1. A Wrinkle in Time, 50th Anniversary Edition
    A Wrinkle in Time, 50th Anniversary Edition
    Madeleine L'Engle
    Square Fish / 2012 / Hardcover
    $15.49 Retail: $26.99 Save 43% ($11.50)
    3 Stars Out Of 5 3 Reviews
    Availability: In Stock
    Stock No: WW374386
3 Stars Out Of 5
3 out of 5
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Quality:
2.7 out Of 5
(2.7 out of 5)
Value:
2.7 out Of 5
(2.7 out of 5)
Meets Expectations:
2.7 out Of 5
(2.7 out of 5)
67%
of customers would recommend this product to a friend.
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  1. 1 Stars Out Of 5
    A Wrinkle in Time
    July 6, 2017
    Paganism with scripture abused
    Quality: 0
    Value: 0
    Meets Expectations: 0
    I first read this book when I was in the third grade and I loved the science fiction and suspense. The characters are well written. Although I had already given my life to Christ, I did not know scripture that well, and so fortunately, the scriptural references went over my head. I thought it was just a good book , totally unrelated to reality. I would give this book five stars if it did not try to add in some Christian references and misapply scripture. The book says great men like Michelangelo, da Vinci , Buddha, Beethoven, and Jesus have been fighting the Thing (the great evil). The book quotes, "And the light shineth in darkness; and the darkness comprehended it not." The author is saying the evil thing has not overcome Jesus. But she is missing that Jesus is God. The evil in our world is rebellion against God. She makes Jesus sound like a good person struggling against evil so that there is not more evil than good. Satan is not God's equal. He is just a fallen angel. The author makes the evil thing sound very powerful and makes Jesus seem like just another man fighting evil. Another character says they were called to fight the evil thing and she says, "We are the called according to His purpose and whom He calls , them He also justifies." These verses actually refer to God calling us to repent and become believers. When He justifies us, He forgives our sins and washes us clean. These verses to do not refer to being called to fight evil. The children in this book turn to supernatural creatures for help, but they never ask God for help. The author quotes scripture totally out of context.
  2. Canada
    Age: 55-65
    Gender: female
    5 Stars Out Of 5
    Good book
    December 27, 2012
    Dianne Mcfadden
    Canada
    Age: 55-65
    Gender: female
    Quality: 5
    Value: 5
    Meets Expectations: 5
    I bought this copy as a gift after I had read another copy. It's a good story and well written. This 50th anniversary edition is very nice.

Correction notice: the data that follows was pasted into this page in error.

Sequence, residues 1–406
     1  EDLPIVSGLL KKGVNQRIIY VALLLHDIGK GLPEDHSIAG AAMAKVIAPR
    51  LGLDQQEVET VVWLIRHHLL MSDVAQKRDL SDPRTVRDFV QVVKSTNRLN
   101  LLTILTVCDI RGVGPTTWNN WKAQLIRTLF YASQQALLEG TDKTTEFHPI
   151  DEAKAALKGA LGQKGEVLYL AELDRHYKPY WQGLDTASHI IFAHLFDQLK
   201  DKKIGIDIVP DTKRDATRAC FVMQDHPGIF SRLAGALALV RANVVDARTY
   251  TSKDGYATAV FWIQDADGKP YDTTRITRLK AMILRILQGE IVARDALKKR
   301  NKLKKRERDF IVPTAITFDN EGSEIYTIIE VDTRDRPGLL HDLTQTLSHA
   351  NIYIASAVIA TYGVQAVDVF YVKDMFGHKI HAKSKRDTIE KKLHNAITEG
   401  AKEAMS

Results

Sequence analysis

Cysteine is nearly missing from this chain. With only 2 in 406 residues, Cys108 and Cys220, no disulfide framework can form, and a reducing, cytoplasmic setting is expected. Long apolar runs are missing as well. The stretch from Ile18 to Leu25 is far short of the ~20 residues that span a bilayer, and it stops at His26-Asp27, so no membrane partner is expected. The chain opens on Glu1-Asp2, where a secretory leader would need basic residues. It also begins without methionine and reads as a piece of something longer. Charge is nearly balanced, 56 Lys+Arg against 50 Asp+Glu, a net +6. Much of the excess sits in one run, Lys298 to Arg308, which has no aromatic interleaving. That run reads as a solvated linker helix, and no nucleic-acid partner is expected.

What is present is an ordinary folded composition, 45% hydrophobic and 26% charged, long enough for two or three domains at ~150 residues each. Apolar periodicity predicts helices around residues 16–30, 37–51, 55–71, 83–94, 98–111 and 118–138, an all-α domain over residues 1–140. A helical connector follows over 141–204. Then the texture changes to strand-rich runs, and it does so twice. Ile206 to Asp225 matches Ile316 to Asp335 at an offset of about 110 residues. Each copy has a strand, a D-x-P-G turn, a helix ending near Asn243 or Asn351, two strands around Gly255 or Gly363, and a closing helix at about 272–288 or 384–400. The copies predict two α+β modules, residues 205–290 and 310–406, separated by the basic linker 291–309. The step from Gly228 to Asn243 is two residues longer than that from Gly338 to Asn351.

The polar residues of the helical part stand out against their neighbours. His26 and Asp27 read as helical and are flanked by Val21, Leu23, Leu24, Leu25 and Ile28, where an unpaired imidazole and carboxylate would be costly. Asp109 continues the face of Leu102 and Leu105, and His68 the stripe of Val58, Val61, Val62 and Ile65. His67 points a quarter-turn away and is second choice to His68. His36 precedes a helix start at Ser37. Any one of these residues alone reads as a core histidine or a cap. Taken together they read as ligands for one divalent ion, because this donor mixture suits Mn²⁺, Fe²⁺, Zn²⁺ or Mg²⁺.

3. Age: 45-54
    Gender: male
    3 Stars Out Of 5
    Recommned, but not for the reason you'd think.
    April 1, 2012
    RedRaider89
    Age: 45-54
    Gender: male
    Quality: 3
    Value: 3
    Meets Expectations: 3
    I just completed this book and it is rather odd and I wonder why it is here on ChristianBook.com. You'd think ChristianBook.com thinks this is a Christian book. Well, it very certainly is not a Christian book. This is more closely aligned with a New Age book, with some science fiction and science fact thrown in. The strongest evidence against it is it's equating Buddah with Jesus Christ, along with Leonardo da Vinci, Michelangelo, Einstein, etc., all equally being "fighters against the "Dark Thing", the villain in the book. In addition, it has three women who can easily be considered to be witches, though not called witches. My main point here is to say, don't be fooled into believing this is a Christian book simply because Mrs. L'Engle likes to throw in a few Bible verses, more than a few being misquoted. If Mrs. L'Engle had not tried to throw together Science Fiction with Christianity, and had just stuck to Science Fiction, I'd highly recommend this book. But this throwing in of Bible verses, using them for secular purposes, is bad since there is nothing fictitious about Christianity and this book does not give the slightest indication that Jesus Christ is who He claimed to be, God, and no indication that He has already defeated the villian, the Dark Thing, which is Evil personified, in the book at the cross. In the book, Jesus Christ is just a great teacher and great fighter, as we all are, against "The Powers of Darkness", which that phrase the book actually contains, not the one who defeated the "powers of darkness" once and for all at the cross.
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